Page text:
Hearing meanings: the revenge of context
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According to the perceptual view of language comprehension, listeners typically recover high-level linguistic properties such as utterance meaning without inferential work. The perceptual view is subject to the Objection from Context: since utterance meaning is massively context-sensitive, and context-sensitivity requires cognitive inference, the perceptual view is false. In recent work, Berit Brogaard provides a challenging reply to this objection. She argues that in language comprehension context-sensitivity is typically exercised not through inferences, but rather through top-down perceptual modulations or perceptual learning. This paper provides a complete formulation of the Objection from Context and evaluates Brogaards reply to it. Drawing on conceptual considerations and empirical examples, we argue that the exercise of context-sensitivity in language comprehension does, in fact, typically involve inference.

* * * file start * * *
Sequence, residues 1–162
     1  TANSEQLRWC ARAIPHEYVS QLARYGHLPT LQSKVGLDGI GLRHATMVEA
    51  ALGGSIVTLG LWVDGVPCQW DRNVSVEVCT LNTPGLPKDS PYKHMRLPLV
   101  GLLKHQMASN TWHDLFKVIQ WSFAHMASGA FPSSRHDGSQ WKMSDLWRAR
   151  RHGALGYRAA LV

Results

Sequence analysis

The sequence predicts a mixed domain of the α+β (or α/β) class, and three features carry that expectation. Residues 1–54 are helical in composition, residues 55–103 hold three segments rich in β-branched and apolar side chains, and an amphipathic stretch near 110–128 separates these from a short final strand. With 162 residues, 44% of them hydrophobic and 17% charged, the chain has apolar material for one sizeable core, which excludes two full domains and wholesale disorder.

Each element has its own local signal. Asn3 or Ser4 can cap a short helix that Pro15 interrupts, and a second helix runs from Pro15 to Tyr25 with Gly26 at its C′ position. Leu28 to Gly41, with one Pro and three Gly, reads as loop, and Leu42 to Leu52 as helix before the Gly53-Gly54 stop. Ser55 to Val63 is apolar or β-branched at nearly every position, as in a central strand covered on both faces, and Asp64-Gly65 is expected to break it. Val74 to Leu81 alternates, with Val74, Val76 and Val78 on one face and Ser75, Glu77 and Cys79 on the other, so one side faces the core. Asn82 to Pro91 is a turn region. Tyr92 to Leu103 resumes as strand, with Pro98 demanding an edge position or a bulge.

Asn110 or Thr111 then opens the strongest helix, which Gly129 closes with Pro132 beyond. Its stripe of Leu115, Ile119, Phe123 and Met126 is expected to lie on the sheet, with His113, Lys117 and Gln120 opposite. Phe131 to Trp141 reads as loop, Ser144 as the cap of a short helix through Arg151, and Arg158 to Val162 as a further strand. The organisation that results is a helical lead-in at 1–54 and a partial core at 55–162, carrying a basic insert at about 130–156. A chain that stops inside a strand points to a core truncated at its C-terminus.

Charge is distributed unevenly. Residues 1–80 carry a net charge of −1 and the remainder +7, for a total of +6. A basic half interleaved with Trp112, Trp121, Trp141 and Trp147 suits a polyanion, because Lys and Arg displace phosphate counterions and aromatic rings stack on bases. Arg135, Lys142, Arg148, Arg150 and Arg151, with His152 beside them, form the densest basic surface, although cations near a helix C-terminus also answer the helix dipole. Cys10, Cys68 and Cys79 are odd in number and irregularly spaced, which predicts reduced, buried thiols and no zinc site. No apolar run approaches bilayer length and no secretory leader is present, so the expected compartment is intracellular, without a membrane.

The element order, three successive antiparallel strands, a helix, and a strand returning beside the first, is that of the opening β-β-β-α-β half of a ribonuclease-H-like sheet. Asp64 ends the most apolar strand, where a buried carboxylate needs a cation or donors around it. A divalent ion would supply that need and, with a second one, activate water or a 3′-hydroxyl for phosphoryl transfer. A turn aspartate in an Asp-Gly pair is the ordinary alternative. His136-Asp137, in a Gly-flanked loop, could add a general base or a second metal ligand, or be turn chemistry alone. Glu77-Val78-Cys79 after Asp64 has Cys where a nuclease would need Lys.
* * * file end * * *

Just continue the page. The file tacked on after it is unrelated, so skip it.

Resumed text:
KeywordsLanguage Meaning Context Inference Perception Cognition
We would like to thank Joulia Smortchkova and three anonymous reviewers for extremely helpful comments on the manuscript. The usual disclaimer applies. Luca Gasparri gratefully acknowledges financial support from the Alexander von Humboldt Foundation.
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